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Ultrasound, macroscopic and histological features of malignant ovarian tumors. Non-epithelial ovarian carcinomas: tubal choriocarcinoma and granulosa cell tumor
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  1. Lorena Quagliozzi1,
  2. Viviana Lo Presti1,
  3. Damiano Arciuolo2 and
  4. Floriana Mascilini1

    Dott.ssa Floriana Mascilini is a gynecologist of Fondazione Policlinico Universitario Agostino Gemelli, IRCCS, in Rome. She is particularly involved in clinical research in ultrasound and gynecologic oncology.


  1. 1Dipartimento Scienze della Salute della Donna, del Bambino e di Sanità Pubblica, Fondazione Policlinico Universitario A Gemelli, IRCCS, Rome, Italy
  2. 2Department of Surgical Pathology, Policlinico A Gemelli, Rome, Italy
  1. Correspondence to Dr Floriana Mascilini, Dipartimento Scienze della Salute della Donna, del Bambino e di Sanità Pubblica, Fondazione Policlinico Universitario A. Gemelli, IRCCS, 00168 Rome, Italy; floriana_mascilini{at}hotmail.com

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The first case is a 31-year-old woman with no family history of cancer, and a past medical history of miscarriage diagnosed 7 months before. The patient was referred to our center for a right adnexal mass incidentally detected during an ultrasound examination performed at another hospital for irregular bleeding. Serum levels of oncological markers were: CA 125: 10.0 U/mL (reference range 0–35 U/mL), human epididymis protein 4: 46.1 pmol/L (reference range 0–150 pmol/L), and serum levels of β-human chorionic gonadotropin: 14 240 mU/mL. Transvaginal ultrasound examination performed at our center showed an oblong solid mass of 85×34×75 mm in size, situated medially to the right ovarian parenchyma, with inhomogeneous echostructure, irregular external walls, and no stripes (Figure 1A).1 Uterus, left and right ovaries were normal. At color Doppler examination, a moderate vascularization was detected within the adnexal lesion.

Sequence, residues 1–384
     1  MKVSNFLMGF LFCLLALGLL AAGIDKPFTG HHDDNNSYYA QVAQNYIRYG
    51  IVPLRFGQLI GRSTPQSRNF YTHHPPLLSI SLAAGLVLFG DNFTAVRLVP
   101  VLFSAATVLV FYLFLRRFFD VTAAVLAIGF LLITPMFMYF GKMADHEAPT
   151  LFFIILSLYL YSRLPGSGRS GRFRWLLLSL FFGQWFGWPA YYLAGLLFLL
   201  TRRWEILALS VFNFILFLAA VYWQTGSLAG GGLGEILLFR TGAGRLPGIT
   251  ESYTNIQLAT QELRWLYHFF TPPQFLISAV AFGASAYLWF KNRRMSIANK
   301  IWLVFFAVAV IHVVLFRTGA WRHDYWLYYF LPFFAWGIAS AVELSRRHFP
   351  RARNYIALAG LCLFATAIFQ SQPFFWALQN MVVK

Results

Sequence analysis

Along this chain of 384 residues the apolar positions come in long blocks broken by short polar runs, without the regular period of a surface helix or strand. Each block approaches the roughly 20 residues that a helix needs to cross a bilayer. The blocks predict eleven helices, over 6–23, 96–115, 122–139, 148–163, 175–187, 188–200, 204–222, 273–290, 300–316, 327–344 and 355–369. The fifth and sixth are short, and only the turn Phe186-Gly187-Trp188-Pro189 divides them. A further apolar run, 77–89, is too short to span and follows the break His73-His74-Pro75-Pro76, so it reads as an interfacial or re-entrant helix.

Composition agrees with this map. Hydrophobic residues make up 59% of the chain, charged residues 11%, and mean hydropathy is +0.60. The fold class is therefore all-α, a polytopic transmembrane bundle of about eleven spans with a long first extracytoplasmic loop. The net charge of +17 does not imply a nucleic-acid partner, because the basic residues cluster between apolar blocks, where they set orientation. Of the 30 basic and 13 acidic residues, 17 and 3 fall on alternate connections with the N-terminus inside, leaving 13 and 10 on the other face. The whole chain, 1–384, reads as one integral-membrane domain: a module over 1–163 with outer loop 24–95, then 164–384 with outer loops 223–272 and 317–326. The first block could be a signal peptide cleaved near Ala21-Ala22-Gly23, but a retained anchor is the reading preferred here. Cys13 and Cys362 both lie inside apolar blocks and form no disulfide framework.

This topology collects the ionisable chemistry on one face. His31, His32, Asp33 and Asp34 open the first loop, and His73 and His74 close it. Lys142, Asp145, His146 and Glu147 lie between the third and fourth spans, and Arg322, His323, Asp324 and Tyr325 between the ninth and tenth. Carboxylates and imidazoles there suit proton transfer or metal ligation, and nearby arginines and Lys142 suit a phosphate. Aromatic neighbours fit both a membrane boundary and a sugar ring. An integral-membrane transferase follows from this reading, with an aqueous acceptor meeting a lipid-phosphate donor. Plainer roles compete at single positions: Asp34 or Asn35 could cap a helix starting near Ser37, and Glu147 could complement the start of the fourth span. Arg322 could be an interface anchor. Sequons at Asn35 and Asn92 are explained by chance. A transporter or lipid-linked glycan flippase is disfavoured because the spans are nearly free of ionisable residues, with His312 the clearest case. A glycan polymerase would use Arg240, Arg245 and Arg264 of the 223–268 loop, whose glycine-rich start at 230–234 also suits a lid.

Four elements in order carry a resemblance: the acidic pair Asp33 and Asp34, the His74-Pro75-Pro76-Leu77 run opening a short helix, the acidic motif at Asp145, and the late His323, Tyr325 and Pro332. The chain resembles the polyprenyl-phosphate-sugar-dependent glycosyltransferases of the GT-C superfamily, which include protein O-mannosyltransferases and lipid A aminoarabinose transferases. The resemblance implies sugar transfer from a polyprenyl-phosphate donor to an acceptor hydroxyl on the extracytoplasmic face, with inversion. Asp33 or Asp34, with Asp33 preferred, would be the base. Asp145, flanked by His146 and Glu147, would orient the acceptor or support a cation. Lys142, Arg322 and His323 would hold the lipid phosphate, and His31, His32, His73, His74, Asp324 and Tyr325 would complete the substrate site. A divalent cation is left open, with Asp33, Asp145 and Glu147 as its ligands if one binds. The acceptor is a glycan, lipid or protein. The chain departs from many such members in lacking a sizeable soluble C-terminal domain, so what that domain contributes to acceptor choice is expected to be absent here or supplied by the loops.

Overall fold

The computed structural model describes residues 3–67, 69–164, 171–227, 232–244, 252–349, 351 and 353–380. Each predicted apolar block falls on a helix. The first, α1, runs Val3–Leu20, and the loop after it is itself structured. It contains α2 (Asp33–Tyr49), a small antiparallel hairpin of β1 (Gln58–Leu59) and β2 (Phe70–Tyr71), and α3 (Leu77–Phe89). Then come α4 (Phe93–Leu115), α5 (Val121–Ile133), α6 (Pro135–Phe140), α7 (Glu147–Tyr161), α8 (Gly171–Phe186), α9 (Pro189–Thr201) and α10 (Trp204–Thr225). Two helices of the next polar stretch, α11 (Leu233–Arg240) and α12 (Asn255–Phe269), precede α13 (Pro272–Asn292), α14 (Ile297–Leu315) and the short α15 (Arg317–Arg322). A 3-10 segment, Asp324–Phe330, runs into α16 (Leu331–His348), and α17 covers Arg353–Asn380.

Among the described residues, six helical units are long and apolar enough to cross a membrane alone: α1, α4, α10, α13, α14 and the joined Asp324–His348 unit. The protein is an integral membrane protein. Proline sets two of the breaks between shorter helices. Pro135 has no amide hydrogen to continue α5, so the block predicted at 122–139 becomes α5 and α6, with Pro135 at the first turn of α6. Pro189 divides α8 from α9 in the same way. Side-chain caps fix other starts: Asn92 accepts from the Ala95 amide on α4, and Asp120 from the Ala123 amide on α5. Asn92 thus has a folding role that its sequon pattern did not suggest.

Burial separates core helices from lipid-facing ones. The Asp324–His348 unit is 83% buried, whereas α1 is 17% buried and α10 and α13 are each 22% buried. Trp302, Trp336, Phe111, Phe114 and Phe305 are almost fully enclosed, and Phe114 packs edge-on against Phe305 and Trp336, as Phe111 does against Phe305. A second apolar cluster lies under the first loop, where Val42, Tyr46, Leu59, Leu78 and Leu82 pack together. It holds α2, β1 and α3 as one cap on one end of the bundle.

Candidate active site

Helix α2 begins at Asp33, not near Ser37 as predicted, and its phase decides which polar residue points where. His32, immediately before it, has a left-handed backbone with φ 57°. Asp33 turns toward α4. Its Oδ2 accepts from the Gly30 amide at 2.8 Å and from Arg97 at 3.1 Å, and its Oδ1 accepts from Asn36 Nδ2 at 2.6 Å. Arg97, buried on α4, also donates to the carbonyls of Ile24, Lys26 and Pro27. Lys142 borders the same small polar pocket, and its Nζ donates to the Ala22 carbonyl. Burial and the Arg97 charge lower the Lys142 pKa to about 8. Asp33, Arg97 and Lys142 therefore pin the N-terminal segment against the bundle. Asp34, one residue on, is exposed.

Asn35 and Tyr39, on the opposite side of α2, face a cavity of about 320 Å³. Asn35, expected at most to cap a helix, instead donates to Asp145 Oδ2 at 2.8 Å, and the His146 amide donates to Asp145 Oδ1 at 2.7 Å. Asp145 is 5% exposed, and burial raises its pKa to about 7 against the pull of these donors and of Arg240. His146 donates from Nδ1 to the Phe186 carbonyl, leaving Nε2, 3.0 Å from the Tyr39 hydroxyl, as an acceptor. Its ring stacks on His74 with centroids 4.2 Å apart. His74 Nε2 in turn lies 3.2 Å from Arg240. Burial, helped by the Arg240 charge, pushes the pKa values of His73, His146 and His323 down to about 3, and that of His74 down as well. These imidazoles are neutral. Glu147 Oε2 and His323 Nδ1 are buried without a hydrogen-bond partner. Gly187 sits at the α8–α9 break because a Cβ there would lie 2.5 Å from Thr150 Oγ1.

Figure 1

(A) An oblong solid mass, with inhomogeneous echostructure and irregular external walls, without stripes. (B) Multilocular solid mass, with several irregular locules, anechoic cystic content, and a solid component.

We applied the IOTA ADNEX model,2 which showed an increased risk of malignancy, with highest relative risk for stage I ovarian cancer (link to the IOTA ADNEX model calculator: https://www.iotagroup.org/sites/default/files/adnexmodel/IOTA-ADNEXmodel.html). Moreover, the tumor was classified as O-RADS 4 (Ovarian-Adnexal Reporting and Data System).3

At laparoscopy the surgeon confirmed the presence of a solid tumor of tubal origin with normal ovarian parenchyma in the right adnexal region, and a biopsy of the solid mass was performed. The patient, informed of the potential risk of spreading the tumor by having a biopsy, wished to postpone any radical surgery after the acquisition of the definitive histological examination. At final histology, fragments of tubular tissue in the aggregate seat of solid neoplasia consisting of cytotrophoblastic and syncytiotrophoblastic elements with marked atypia, in the absence of villar structures, were observed.4 Immune histochemical staining ultimately confirmed the diagnosis of tubal choriocarcinoma.

A chest CT scan documented pulmonary metastases (FIGO stage IV). The patient was treated with chemotherapy, including six cycles of EMACO (etoposide, methotrexate, actinomycin D, cyclophosphamide, vincristine/oncovine). Serum levels of β-human chorionic gonadotropin decreased from 14 240 to 6000 mIU/mL after one cycle of chemotherapy and they were within the normal range after six cycles. At ultrasound examination performed 1 month after the last cycle of chemotherapy, the right solid adnexal lesion appeared smaller than in the first scan (65×23×39 mm in size), and it showed minimal vascularization. A surgical procedure, including hysterectomy, left salpingectomy, and right salpingo-oophorectomy, was performed. Macroscopy showed the presence of a dilated fallopian tube with yellowish necrotic debris. At microscopy, necrotic and hemorrhagic areas with giant-cell granulomatous reaction, without evidence of residual neoplastic cells, were reported.